The second release in Orange Mountain Music's 'Concerto Project' series features two world premiere recordings of works by Philip Glass, performed by the Seattle-based Northwest Chamber Orchestra under Ralf Gothóni (well-known to UK audiences as Principal Conductor of the English Chamber Orchestra since 2000). Pianist Paul Barnes performs Piano Concerto No2, After Lewis and Clark written to celebrate the 200th anniversary of the explorers' journey across the American continent. A fortuitous meeting between Barnes and Glass on an airplane in 1995 eventually led to this concerto, but it was only composed after Orange Mountain Music's acclaimed 2003 release of the pianist's transcriptions of Glass operas 'The Orphee Suite'.
Violinist Tim Fain has worked extensively with minimalist composer Philip Glass in performances and in the preparation of new pieces, and the most impressive result of their collaboration may be the Partita for solo violin (2010), a seven-movement suite written especially for Fain. Associations with Johann Sebastian Bach's violin partitas are inevitable, and it's clear that Glass has had them in mind while composing in what can be described as an aspirational, rather than a merely imitative, manner. Glass has for the most part avoided his customary ostinatos and static sections, and his use of broken chords only suggests counterpoint, rather than propulsive rhythmic patterns. He has also eschewed any direct references to Bach or Baroque style, yet the Partita's kinship with the older models is certainly felt, and Fain's playing has a lot to do with it. The ebb and flow of tempos and the expressive use of rubato give the Partita an introspective feeling, and the freedom of individual expression is quite removed from the locked-in, high-energy ensemble playing that was Glass' early trademark style.
Attracted by a delightful fusion of early music sonorities with modern expressiveness, the three composers in this amazingly rich and varied programme build on the magnificent harpsichord concerto legacy of JS Bach. John Rutter’s beautiful Suite Antique is full of rich and haunting themes, with a significant solo flute part and a jazzy Waltz which is as much Brubeck as Bach. Philip Glass delivers an exciting experience of virtuoso instrumental blending and solo expressiveness, and with typical wit and elegance. Jean Françaix’s Concerto is terrific fun throughout.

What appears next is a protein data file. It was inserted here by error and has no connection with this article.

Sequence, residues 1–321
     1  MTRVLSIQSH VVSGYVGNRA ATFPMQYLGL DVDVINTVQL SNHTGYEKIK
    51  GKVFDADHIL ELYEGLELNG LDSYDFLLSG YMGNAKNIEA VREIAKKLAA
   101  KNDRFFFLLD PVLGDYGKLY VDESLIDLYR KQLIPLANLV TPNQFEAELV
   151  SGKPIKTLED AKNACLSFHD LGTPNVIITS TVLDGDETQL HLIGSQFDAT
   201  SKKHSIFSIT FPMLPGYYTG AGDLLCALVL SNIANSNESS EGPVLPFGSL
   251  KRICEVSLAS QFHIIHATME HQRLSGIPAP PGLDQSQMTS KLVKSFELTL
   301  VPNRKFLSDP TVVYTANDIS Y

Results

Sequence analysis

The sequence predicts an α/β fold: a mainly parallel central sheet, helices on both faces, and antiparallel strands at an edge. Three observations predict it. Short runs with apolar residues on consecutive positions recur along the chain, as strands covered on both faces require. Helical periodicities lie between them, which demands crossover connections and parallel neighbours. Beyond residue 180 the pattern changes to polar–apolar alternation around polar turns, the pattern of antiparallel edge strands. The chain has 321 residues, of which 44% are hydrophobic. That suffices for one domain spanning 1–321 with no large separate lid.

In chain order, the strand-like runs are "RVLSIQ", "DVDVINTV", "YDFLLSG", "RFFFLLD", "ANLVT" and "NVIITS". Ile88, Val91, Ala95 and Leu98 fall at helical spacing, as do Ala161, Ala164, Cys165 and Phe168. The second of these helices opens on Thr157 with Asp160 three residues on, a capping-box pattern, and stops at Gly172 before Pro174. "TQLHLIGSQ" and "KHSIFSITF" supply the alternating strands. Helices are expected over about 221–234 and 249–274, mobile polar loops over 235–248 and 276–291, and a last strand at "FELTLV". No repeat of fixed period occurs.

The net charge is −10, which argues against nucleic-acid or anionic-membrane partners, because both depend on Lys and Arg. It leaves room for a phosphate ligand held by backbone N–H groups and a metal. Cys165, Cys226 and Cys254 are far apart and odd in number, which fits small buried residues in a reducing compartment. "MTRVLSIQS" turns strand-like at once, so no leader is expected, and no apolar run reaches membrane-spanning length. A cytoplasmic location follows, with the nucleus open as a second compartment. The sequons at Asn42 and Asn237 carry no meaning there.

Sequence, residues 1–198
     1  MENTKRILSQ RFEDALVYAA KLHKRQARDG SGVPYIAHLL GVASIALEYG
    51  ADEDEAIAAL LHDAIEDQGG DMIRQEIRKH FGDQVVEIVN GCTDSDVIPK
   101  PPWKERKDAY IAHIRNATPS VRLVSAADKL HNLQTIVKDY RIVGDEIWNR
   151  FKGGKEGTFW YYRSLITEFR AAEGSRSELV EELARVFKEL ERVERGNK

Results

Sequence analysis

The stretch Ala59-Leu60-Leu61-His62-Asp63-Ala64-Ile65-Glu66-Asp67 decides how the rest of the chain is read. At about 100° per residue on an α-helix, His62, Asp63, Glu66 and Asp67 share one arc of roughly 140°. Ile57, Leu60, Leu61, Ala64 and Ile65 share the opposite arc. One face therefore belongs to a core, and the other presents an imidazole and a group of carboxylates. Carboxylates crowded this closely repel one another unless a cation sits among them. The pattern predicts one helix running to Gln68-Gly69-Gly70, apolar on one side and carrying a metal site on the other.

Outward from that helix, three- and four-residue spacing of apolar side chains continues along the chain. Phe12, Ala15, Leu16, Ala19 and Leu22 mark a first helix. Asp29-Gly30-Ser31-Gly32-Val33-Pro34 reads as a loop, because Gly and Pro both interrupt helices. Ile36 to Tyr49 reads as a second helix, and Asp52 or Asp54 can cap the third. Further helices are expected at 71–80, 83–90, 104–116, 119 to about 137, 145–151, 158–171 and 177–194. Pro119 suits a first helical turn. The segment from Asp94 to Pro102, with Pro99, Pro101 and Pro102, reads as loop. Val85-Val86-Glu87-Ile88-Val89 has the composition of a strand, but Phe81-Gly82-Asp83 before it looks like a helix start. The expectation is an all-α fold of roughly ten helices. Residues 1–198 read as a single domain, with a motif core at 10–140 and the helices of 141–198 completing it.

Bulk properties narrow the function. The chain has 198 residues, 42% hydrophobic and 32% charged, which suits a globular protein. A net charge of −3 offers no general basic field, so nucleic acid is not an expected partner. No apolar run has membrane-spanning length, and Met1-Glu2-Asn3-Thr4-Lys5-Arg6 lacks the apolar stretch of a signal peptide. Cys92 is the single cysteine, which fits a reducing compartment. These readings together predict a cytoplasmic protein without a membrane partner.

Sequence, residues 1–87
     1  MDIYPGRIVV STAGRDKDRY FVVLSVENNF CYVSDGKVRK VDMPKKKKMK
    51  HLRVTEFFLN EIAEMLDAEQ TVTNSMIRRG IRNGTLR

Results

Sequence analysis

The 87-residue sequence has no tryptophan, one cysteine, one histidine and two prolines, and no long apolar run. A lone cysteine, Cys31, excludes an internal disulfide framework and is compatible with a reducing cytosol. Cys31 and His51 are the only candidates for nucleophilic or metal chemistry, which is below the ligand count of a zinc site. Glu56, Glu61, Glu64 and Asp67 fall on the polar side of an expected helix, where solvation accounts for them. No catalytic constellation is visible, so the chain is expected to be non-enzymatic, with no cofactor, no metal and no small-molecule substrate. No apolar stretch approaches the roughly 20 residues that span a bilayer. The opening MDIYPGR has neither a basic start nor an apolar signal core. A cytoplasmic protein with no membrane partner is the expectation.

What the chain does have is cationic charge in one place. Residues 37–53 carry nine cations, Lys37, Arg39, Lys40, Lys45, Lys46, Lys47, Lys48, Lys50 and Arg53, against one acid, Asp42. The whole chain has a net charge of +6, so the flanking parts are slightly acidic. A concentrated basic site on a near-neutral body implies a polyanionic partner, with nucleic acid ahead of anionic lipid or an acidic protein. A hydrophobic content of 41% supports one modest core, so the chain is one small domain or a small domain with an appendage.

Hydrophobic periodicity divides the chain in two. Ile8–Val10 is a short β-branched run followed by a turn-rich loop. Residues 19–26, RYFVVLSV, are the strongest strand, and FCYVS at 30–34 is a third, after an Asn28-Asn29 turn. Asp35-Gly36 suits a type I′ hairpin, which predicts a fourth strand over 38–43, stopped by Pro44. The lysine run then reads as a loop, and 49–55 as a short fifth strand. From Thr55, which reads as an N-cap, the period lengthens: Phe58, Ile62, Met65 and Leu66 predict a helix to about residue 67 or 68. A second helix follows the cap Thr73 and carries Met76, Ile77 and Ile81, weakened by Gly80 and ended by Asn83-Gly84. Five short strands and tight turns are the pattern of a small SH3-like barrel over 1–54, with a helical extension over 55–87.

The CD combines Bach's Goldberg Variations with the Metamorphosis of Philip Glass and offers a confrontation between two completely different musical worlds.
To say this barrier-breaking string quartet plays modern music is an understatement. All of the five composers showcased on this audacious recording were born in the 20th century. Minimalist Philip Glass is among the best known of the five, whose works cannot possibly be mistaken with anything from the baroque or classical periods. This particular foursome illustrates the grace, beauty, and even power of a string quartet, but goes well beyond. In the words of first violinist and leader David Harrington, "I've always wanted the string quartet to be vital, and energetic, and alive, and cool, and not afraid to kick ass and be absolutely beautiful and ugly if it has to be." The album-ending cover of the Jimi Hendrix classic "Purple Haze" must be heard to be believed.
Orange Mountain Music presents Philip Glass second violin concerto, subtitled The American Four Seasons, performed by violinist Robert McDuffie accompanied by the London Philharmonic Orchestra under the direction of Marin Alsop. This live performance was captured on the occasion of the UK premiere of the work in the spring of 2010. The concerto is in four movements, with each movement preceded by a piece for solo violin comprised of a prologue and three songs. The strings-only orchestra is complemented by a synthesizer producing a sound palette that harkens back to the Philip Glass of the 1970s. The American Four Seasons was commissioned by McDuffie to act as a companion piece to Vivaldi s Four Seasons concertos, which are among the most performed and recorded works in the history of music.
The Lautten Compagney discovers surprising points of contact between the baroque composer Tarquinio Merula and American contemporary composer Philip Glass. This is music of pure pleasure that effortlessly crosses all stylistic and historical boundaries.
"This is one of the best Philip Glass albums in ages. Led by French Canadian violinist Angele Dubeau, the all-female string-ensemble La Pieta has woven together some of the composer's most moodily romantic and irresistible pieces, playing them with a lush, almost hypnotizing beauty. The album includes his "Mishima" and "Company" scores, as well as the piano-laced suite from "The Hours." The theme from "The Secret Agent" soundtrack is one of Glass' most haunting melodies, with a mysteriously dramatic quality that's almost Purcell-like. "Echorus" is another Baroque-channeling highlight, violins singing bittersweet over a slowly rocking rhythm. From one end of the album to the other, it feels like one long song, in the best sense." – Bradley Bambarger, The Star-Ledger (Newark)